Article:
statute of limitations for an action brought pursuant to § 1983 in Pennsylvania is
two years. See Kach v. Hose, 589 F.3d 626, 634 (3d Cir. 2009). When a cause of
action accrues and thus the statute of limitations starts to run “‘when the plaintiff
knew or should have known of the injury upon which [his] action is based.’” Kach,
589 F.3d at 634 (quoted cases omitted). Here, according to plaintiff’s PREA
allegations, the relevant events occurred in 2012, 2013, and 2017. Obviously,
plaintiff would have known of the injury to himself when he was charged with the
sexual assault and found responsible. This claim is thus untimely. Plaintiff also
appears to be challenging his annual custody reviews. A prisoner may properly
challenge his custody status and classification in an action brought pursuant to
§ 1983. See Kemp v. McFarland, 149 F. App’x 91, 93 (3d Cir. 2005)
(nonprecedential). To the extent applicable, plaintiff’s claims regarding his past
two custody reviews would be timely, and those claims may be cognizable.
Leave to Amend
The court recognizes that the sufficiency of this pro se pleading must be
construed liberally in favor of the plaintiff. See Erickson v. Pardus, 551 U.S. 89
(2007). The federal rules allow for liberal amendments in light of the “principle
that the purpose of pleading is to facilitate a proper decision on the merits.” Foman
v. Davis, 371 U.S. 178, 182 (1962) (citations and internal quotation marks omitted).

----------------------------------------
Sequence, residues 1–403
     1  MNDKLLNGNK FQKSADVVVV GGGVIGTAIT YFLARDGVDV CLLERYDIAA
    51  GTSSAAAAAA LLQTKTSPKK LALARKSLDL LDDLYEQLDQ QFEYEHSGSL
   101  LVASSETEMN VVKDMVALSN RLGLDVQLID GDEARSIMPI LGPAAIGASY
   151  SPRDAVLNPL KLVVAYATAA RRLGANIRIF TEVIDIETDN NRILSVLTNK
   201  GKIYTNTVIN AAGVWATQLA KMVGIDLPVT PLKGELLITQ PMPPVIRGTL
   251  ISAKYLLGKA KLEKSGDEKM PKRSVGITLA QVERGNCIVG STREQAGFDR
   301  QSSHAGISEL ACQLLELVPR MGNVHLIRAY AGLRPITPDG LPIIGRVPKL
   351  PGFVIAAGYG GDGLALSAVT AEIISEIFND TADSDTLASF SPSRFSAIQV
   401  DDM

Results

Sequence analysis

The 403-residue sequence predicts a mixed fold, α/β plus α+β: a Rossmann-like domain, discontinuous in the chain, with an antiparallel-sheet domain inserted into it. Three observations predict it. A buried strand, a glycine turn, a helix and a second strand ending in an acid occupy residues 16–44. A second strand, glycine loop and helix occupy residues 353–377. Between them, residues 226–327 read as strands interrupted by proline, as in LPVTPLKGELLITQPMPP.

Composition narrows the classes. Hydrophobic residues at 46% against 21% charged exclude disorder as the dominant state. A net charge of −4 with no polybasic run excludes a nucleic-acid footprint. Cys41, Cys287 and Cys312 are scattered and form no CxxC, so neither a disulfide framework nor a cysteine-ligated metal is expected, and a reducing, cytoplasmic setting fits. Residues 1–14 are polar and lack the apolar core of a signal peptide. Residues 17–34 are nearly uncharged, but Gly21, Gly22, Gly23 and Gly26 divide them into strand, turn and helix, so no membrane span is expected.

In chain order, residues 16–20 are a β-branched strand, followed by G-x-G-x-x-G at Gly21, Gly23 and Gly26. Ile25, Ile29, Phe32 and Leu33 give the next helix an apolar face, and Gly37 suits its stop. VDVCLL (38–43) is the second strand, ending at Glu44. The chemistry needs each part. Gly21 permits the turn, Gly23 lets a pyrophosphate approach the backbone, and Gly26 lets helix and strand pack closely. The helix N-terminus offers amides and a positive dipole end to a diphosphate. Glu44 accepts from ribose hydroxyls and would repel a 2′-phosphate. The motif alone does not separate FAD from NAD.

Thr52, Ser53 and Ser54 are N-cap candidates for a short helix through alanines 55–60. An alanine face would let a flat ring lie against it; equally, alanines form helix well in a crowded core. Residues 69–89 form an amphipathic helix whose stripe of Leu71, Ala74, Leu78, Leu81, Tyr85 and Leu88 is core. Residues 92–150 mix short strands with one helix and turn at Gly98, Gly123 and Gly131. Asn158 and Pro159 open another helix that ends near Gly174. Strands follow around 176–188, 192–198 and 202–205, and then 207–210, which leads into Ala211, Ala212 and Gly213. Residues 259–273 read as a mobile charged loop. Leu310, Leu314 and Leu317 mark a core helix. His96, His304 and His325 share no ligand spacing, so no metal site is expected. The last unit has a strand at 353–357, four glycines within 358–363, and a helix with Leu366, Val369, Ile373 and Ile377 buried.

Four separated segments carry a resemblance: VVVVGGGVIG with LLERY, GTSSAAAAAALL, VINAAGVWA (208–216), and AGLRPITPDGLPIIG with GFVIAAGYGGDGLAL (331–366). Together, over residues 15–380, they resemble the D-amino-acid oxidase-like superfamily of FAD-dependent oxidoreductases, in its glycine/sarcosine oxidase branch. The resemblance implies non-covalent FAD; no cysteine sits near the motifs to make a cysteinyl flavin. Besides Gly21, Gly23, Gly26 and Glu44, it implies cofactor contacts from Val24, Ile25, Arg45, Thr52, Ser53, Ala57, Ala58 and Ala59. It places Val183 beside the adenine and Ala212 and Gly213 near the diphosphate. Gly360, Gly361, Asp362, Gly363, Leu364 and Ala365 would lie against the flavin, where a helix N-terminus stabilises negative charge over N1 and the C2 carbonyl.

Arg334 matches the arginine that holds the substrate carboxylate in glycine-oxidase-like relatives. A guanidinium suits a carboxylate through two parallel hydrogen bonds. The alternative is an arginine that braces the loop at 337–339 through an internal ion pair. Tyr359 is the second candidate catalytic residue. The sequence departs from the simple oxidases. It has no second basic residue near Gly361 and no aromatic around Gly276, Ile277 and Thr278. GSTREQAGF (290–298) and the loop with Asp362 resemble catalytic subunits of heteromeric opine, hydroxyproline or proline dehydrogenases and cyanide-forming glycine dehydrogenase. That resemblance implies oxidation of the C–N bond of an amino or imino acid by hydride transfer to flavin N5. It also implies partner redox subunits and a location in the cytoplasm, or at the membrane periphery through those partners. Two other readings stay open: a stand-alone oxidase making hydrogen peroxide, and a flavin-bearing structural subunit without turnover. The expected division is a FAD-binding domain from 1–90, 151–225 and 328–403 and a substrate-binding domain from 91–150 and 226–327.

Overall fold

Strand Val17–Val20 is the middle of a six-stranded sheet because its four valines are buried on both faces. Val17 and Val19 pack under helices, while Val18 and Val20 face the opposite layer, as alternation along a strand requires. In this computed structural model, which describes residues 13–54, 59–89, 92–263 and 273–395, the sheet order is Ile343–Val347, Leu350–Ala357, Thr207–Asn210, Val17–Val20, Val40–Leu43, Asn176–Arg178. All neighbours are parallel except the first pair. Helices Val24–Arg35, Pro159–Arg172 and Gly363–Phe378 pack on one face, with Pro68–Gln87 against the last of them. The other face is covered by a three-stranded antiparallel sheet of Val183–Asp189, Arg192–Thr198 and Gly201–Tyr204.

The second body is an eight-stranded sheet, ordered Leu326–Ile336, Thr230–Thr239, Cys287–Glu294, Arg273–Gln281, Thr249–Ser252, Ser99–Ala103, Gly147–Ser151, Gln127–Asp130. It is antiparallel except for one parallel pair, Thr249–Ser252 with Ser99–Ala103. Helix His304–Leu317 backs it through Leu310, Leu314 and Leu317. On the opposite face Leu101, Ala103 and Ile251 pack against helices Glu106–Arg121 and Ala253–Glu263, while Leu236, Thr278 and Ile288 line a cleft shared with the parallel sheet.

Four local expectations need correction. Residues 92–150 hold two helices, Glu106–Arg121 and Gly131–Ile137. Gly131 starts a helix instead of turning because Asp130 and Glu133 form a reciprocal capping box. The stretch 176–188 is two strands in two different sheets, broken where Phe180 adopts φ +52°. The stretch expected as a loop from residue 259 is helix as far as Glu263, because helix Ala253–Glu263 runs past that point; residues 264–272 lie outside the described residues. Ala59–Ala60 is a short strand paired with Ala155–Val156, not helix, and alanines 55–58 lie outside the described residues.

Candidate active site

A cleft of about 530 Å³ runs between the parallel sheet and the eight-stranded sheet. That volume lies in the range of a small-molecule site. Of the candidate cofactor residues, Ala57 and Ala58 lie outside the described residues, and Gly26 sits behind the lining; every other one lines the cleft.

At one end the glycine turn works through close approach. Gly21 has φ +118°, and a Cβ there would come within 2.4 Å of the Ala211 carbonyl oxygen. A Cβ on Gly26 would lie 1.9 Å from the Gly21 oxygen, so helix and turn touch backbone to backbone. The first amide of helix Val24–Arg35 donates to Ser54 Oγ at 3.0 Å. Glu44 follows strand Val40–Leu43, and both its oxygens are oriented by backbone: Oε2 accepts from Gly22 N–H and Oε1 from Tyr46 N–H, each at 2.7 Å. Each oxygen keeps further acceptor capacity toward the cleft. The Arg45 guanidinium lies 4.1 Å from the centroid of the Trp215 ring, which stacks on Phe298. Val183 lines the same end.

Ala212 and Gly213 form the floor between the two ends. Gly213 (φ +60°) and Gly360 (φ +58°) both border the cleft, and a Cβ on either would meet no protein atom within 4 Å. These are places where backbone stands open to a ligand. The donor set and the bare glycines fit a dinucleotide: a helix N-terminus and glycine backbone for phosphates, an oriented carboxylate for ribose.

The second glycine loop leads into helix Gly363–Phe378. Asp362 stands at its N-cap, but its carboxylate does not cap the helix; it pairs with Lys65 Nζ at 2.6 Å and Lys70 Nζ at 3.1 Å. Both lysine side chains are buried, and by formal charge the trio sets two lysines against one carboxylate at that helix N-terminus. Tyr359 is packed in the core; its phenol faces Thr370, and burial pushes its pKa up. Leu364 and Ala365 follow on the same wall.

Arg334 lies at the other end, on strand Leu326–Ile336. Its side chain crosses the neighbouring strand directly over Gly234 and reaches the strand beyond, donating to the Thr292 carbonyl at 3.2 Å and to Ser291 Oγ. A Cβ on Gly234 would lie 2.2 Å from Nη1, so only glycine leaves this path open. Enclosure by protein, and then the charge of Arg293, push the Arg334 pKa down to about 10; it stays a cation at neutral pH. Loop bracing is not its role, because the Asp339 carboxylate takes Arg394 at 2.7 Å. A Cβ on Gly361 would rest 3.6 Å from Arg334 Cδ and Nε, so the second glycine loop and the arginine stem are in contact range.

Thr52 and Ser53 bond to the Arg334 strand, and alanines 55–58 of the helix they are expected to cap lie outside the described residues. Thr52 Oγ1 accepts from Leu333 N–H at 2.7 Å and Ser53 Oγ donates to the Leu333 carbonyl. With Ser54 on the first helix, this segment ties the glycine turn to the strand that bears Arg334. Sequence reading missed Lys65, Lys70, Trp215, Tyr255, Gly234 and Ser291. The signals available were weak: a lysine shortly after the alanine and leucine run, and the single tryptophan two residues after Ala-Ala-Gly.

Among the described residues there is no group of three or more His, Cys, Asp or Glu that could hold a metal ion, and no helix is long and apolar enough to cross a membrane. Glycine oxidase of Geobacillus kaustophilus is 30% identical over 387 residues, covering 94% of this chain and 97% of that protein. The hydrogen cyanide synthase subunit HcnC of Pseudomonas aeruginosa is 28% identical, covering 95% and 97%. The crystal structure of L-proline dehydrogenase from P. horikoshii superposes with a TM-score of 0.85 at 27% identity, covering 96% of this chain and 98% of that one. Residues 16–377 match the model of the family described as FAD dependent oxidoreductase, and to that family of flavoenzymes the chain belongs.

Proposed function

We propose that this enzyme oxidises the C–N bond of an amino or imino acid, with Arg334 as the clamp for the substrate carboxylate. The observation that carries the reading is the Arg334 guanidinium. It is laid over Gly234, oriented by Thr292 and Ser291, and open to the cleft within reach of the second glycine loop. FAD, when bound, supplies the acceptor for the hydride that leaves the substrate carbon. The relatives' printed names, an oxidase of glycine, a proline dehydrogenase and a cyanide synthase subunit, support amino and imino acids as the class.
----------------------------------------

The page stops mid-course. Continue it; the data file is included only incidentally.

Consequently, a complaint should not be dismissed with prejudice for failure to
state a claim without granting leave to amend, “unless such an amendment would
be inequitable or futile.” Phillips v. County of Allegheny, 515 F.3d 224, 245 (3d Cir.
2008) (citing Alston v. Parker, 363 F.3d 229, 235 (3d Cir. 2004)). Because plaintiff
may be able to remedy his pleading defects in an amended complaint, the court will
permit plaintiff to file an amended complaint. In any amended complaint filed by
plaintiff, he should write legibly and clarify what his claims are, against whom he
seeks to assert his claims, how those individuals were involved in his claims, and
when and where those claims occurred.
Based on the foregoing, the court finds that plaintiff has failed to state a claim
upon which relief may be granted except as to his custody classification claim. The
court will provide plaintiff with an opportunity in which to file an amended
complaint regarding his deficient claims.
An appropriate order shall issue.
/S/ CHRISTOPHER C. CONNER
Christopher C. Conner
United States District Judge
Middle District of Pennsylvania
April 27, 2021